Though strongly influenced by Middle Eastern swords, the typical talwar has a wider blade than the shamshir. Late examples often had European-made blades, set into distinctive Indian-made hilts. The hilt of the typical talwar is termed a "disc hilt" from the prominent disc-shaped flange surrounding the pommel. The pommel often has a short spike projecting from its centre, sometimes pierced for a cord to secure the sword to the wrist. The hilt incorporates a simple cross-guard which frequently has a slender knucklebow attached. The basic form talwar was used by both cavalry and infantry, but this would be the sword of a nobleman. The grip of the talwar is cramped and the prominent disc of the pommel presses into the wrist if attempts are made to use it to cut like a conventional sabre. These features of the talwar hilt result in the hand having a very secure and rather inflexible hold on the weapon, enforcing the use of variations on the very effective "draw cut". The fact that the talwar does not have the kind of radical curve of the shamshir indicates that it could be used for thrusting as well as cutting purposes. The blades of some examples of the Talwar widen towards the tip. This increases the momentum of the distal portion of the blade when used to cut; when a blow was struck by a skilled warrior, limbs could be amputated and persons decapitated. The spike attached to the pommel could be used for striking the opponent in extreme close quarter circumstances when it was not always possible to use the blade. The talwar can be held with the fore finger wrapped around the lower quillon of the cross guard.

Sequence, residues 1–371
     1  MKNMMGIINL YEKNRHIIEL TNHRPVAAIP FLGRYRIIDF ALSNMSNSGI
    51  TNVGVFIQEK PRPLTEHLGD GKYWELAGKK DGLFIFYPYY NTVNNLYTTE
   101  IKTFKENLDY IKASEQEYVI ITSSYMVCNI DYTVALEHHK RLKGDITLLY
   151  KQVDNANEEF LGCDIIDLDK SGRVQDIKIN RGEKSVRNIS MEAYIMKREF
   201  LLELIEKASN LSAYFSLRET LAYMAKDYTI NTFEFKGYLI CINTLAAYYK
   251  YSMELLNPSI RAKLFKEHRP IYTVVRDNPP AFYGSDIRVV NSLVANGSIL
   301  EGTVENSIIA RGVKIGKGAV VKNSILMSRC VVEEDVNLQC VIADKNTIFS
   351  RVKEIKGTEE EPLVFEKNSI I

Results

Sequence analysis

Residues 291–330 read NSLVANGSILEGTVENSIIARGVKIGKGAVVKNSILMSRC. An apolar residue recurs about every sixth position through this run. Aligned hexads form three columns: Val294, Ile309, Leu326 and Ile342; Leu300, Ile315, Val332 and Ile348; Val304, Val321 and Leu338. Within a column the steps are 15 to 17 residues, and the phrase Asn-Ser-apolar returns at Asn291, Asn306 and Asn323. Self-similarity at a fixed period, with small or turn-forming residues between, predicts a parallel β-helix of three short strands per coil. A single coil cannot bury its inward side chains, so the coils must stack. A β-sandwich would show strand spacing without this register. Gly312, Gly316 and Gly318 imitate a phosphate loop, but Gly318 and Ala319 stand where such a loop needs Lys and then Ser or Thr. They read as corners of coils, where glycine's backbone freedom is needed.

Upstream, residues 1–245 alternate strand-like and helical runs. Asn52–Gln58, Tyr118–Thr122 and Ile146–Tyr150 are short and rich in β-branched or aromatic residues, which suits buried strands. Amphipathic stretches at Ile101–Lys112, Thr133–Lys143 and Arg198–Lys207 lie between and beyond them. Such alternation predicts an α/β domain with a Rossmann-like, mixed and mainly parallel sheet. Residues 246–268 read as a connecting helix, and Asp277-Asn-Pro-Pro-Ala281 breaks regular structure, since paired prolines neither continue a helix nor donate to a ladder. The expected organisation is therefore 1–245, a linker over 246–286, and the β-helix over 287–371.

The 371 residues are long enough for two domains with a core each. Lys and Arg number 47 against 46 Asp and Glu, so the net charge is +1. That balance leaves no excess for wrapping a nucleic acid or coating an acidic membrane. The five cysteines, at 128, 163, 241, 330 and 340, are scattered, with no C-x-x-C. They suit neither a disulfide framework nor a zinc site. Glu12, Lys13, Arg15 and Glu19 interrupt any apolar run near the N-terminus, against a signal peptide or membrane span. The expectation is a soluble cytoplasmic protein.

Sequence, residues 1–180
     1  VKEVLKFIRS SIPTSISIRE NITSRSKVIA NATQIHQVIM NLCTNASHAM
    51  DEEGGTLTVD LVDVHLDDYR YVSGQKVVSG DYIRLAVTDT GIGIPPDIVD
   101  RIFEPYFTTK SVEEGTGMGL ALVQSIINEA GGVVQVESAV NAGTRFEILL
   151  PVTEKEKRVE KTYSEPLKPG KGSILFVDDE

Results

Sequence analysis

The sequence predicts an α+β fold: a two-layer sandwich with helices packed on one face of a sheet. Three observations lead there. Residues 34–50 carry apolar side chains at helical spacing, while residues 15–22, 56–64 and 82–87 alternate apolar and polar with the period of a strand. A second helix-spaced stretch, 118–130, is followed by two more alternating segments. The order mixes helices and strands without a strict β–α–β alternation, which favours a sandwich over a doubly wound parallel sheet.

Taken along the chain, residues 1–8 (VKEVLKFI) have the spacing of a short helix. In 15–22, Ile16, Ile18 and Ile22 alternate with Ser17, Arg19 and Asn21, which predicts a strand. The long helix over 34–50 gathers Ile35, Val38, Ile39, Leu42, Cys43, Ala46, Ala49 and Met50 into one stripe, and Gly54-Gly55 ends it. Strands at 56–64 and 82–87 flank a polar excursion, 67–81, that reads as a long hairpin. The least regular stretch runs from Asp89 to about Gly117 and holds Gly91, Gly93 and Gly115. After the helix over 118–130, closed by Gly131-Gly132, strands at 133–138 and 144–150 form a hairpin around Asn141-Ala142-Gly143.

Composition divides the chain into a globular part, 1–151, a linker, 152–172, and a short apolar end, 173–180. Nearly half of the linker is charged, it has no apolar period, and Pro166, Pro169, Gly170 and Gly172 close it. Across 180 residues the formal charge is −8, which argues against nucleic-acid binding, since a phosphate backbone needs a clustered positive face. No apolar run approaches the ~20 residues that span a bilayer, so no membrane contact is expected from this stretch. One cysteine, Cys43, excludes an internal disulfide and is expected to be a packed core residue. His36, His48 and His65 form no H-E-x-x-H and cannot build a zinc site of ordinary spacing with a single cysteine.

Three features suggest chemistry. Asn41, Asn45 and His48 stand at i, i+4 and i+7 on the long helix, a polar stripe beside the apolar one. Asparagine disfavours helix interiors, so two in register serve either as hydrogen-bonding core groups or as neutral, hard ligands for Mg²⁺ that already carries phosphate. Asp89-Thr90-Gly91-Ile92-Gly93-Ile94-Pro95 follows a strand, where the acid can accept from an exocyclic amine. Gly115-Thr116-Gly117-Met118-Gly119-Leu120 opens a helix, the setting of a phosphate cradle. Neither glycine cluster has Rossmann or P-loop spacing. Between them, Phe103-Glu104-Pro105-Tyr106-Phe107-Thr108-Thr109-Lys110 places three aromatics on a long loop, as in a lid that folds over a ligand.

Code: 20054Price: 1850.00 GBP


click for more images

History of the Prince of Wales Own Civil Service Rifles
Published in 1921 principally the detailed history of the regiment, the men who served and who died in the Great War. The original Westminster City Reference Library copy [offically withdrawn]. A superbly detailed work of one of the famous volunteer regiments of WW1.

Code: 20053Price: 75.00 GBP


click for more images

A Very Attractive Antique Tanto, Signed Blade With Oni Demon Décor
Superb blade, signed , with good undulating hamon, red lacquer hi and gilt habaki. Carved hardwood fittings in over lacquered black fully carved with a demon hunter and an oni demon cowering behind a shield. The background is dominantly overlaid scales, to represent a stylzed dragon, rolling seas, and the kurigata [cord mount] is an oni mask.Oni are a kind of yokai from Japanese folklore, variously translated as demons, devils, ogres, or trolls. They are popular characters in Japanese art, literature and theatre.

Depictions of oni vary widely but usually portray them as hideous, gigantic ogre-like creatures with sharp claws, wild hair, and two long horns growing from their heads. They are humanoid for the most part, but occasionally, they are shown with unnatural features such as odd numbers of eyes or extra fingers and toes.Their skin may be any number of colours, but red and blue are particularly common.

Code: 20052Price: 3450.00 GBP


click for more images

A Most Attractive Turkish-Ottoman WW1 Prisoner of War Glass Bead Snake